On 7 May 1908, Charles was admitted to the Home for Disabled Volunteer Soldiers at Togus, Maine.  His record says that his disability was insufficiency and stenosis (hardened) tricuspid valve heart with arrhythmia, chronic arthritis and rheumatism, and muscular contraction of left ring finger.  The record describes him as born in Ipswich, age 73, height 5 ¾, light complexion, gray eyes and hair. It says he cannot read or write.  He was a Protestant, teamster, resident of Ipswich, married, and his nearest relative Elmer C Smith, son, Ipswich.  He received a pension of $15 which would have gone to the hospital to pay for his care.  

The facility was built in 1858 as a resort hotel, then in 1866 was purchased by the federal government to become the Eastern Branch of the National Asylum for Disabled Volunteer Soldiers.  Togus was run as a military post where the men wore army uniforms and were subject to military discipline including confinement in the guardhouse for infractions of the rules.  The residents signed over their federal pension in return for their care. Those able to work could earn money by working on the farm or in the shops.  An electric railway provided transportation to Augusta.   In 1904, the population peaked at about 2800 residents.  Some men lived in dormitories, some in small cottages.  Togus became a popular recreation destination for civilians in the area, who came to watch baseball games and military band concerts.  The facility even had a small zoo. 

Charles discharged himself on 8 October 1908.  In 1910, Charles was at the Soldier’s Home in Chelsea, listed as married.  This facility was established in 1882.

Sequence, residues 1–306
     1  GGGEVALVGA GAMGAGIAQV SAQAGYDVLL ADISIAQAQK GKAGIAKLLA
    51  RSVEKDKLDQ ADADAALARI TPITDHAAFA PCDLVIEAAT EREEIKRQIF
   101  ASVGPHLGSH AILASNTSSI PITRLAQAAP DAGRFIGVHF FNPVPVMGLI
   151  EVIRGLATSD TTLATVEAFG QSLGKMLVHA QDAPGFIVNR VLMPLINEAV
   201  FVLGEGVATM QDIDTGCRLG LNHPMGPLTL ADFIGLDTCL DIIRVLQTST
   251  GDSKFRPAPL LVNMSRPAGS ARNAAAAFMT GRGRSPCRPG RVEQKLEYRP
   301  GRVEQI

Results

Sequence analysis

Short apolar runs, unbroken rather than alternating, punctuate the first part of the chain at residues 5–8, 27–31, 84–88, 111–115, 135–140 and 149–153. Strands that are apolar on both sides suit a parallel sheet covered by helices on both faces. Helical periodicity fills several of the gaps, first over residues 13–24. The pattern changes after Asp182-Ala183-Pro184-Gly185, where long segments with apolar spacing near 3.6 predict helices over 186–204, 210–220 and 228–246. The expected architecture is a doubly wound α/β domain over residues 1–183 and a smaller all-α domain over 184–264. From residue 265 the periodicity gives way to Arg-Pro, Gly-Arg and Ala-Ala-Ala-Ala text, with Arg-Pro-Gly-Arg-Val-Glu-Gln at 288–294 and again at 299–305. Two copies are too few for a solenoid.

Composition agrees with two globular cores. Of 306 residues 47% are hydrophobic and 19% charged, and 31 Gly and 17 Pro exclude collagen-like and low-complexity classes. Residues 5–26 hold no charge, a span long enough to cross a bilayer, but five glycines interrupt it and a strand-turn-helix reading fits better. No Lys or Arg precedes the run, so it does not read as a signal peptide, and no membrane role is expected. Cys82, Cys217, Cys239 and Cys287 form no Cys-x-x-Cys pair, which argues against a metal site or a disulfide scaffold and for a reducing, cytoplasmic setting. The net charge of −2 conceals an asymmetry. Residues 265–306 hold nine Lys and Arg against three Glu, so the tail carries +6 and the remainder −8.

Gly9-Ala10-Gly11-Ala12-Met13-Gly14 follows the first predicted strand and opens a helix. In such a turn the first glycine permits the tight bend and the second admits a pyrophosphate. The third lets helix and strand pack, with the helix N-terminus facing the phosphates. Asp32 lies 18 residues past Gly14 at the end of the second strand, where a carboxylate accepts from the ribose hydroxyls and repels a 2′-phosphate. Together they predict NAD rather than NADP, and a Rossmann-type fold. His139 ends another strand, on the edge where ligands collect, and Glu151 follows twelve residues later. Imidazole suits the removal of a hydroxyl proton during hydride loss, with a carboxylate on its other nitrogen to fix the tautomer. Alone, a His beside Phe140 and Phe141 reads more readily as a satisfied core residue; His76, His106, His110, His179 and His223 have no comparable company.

Charles died 29 Sep 1910 in Ipswich.   His residence was Country street, cause of death was chronic valvular heart disease.  His occupation was listed as retired teamster and US pensioner.  His son Elmer was the informant for the death certificate.  The father was listed as John Smith, and his mother as Hannah Lord.  I suspect that when the clerk asked for the father’s name and then “his” mother’s name – Elmer named John’s mother’s name which was Hannah Lord, instead of naming Charles’ mother, Betsey Dodge.  Charles was buried at Old North Cemetery (now also called Highland).  His grave is marked with a military headstone. 

Mary J Smith died 15 October 1910 at the state hospital at Danvers MA of pulmonary tuberculosis and is also buried at Old North Cemetery.

Walter C Amsden born 29 January 1865

Walter C Amsden was born 29 January, 1865, in Walden, VT, the sixth of nine children of Samuel Amsden, born in Walden, and Lucy Briggs Stevens, born in Montgomery VT.  Samuel was a joiner, a finish carpenter, someone who makes cabinets, furniture, or other fine woodworking.  Walter’s father had been previously  married to Elizabeth Briggs (unknown relation to Lucy) and Samuel had four older half-siblings. 

Walter’s mother died in 1869, just 2 ½ weeks after the birth of Elmer, her 9th child.  Cause of death was listed as inflammation of bowels. 

Some of the older Amsden children were married by 1870, but it appears that at least some of the younger ones went to live with other families.  Walter at age five was living with the Joseph Conant family in Hardwick, VT.  Conant was a well-to-do farmer, with real estate valued at $5000 and personal property at $2650. In 1880, Walter was still listed with Conants in Hardwick, now listed as a servant and farm laborer.